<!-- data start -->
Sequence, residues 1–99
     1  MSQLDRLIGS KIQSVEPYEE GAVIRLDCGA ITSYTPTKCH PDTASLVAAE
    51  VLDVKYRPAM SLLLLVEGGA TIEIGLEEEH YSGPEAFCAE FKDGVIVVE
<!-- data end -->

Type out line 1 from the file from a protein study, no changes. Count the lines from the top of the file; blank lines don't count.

Sequence, residues 1–99